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    Thanks @Criggie, I updated my post to include answers to your questions. I typically ride at 17 mph and was coasting in the last corner on my street before my house, so I figure I was going a little more than half speed, but I could be wrong. I remember that I was being cautious because of the wet road. I wasn't braking and there was nothing to act as a roller. I fell to the inside. – Chris Schiffhauer Jan 15 at 19:00
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    A couple hundred miles is ample to wear the mold release off. Its the first 2~10 miles which can be slippery because of the manufacturing process. – Criggie Jan 15 at 19:04
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    I see cracks in the asphalt that have been filled. These can be slippery when wet. I find the thick white paint that we have at intersections can be slippery when wet too (even when driving). – Gaston Jan 16 at 20:39
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16 km/h is so slow that even the worst tyres should keep you up, unless something like oil spills were involved.

If something is so slippy that you fall without warning at such low speeds there is not much one could do. If you have a hunch this might happen tripodding corners or getting off the bike may help.

The first drizzle after a long dry spell can leave a very slippy mix of wet dirt on the tarmac. It sometimes feels almost like soap. More intense rain washes it off quickly.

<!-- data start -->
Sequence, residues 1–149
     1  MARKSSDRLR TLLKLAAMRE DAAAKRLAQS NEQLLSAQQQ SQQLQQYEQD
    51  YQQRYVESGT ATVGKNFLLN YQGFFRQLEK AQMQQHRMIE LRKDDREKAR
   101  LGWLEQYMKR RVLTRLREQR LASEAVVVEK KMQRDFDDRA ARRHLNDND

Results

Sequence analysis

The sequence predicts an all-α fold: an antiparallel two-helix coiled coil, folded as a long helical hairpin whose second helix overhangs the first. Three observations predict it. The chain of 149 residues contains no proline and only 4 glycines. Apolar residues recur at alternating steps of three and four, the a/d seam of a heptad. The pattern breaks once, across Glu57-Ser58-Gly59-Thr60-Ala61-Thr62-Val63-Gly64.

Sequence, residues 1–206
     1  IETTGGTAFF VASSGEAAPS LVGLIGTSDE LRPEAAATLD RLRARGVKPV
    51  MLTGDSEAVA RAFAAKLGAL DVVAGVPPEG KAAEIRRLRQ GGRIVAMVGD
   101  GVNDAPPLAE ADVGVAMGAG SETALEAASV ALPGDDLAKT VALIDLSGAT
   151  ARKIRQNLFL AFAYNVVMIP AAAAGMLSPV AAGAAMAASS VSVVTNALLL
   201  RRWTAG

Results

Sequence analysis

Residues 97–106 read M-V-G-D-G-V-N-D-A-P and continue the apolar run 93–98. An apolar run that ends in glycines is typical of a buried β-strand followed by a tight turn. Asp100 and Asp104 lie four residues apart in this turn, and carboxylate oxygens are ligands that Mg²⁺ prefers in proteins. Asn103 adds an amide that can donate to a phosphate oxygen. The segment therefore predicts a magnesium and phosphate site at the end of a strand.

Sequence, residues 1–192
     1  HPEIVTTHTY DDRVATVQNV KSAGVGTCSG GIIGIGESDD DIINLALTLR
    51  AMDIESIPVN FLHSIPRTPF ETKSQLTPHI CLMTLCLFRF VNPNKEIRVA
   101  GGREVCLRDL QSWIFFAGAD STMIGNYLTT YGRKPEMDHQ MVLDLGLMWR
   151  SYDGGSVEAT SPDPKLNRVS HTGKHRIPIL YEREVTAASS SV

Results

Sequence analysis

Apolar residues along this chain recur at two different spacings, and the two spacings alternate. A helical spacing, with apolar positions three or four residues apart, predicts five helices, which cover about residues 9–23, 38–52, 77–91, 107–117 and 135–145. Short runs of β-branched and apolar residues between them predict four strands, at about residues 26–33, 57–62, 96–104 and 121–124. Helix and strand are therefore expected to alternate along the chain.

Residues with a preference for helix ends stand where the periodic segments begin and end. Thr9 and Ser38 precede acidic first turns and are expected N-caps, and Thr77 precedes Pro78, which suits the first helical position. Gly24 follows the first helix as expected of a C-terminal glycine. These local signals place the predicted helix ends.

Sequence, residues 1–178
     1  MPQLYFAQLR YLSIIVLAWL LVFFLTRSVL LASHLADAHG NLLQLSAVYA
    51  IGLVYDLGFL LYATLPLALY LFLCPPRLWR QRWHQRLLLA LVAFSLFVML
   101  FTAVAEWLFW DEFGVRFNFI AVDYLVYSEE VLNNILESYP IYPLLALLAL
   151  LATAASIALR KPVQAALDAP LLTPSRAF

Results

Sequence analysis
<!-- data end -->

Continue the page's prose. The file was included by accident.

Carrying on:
Some surfaces (eg metal or road markings) can get slippy when wet. Avoid anything that looks smooth and wet. edit: The smooth tar of the patched cracks visible in your photo are also example for such treacherous surfaces.

If temperatures are closer to zero black ice may form spontaneously. It is nearly impossible to distinguish from wet road and is extremely slippy.

16

In places where it rains very little or hasn't rained in a while and then a light rain falls, the water is not enough to "wash" the road surface; instead it only wets fine dust and oils that are on the surface. These oils come from cars' engines and exhausts, but are not noticeable at first sight. This mix turns into a fine, paste-like substance that is very thin and difficult to see, but is really slippery, so much that even walking there can be difficult or dangerous. This can cause falls similar to the one you describe.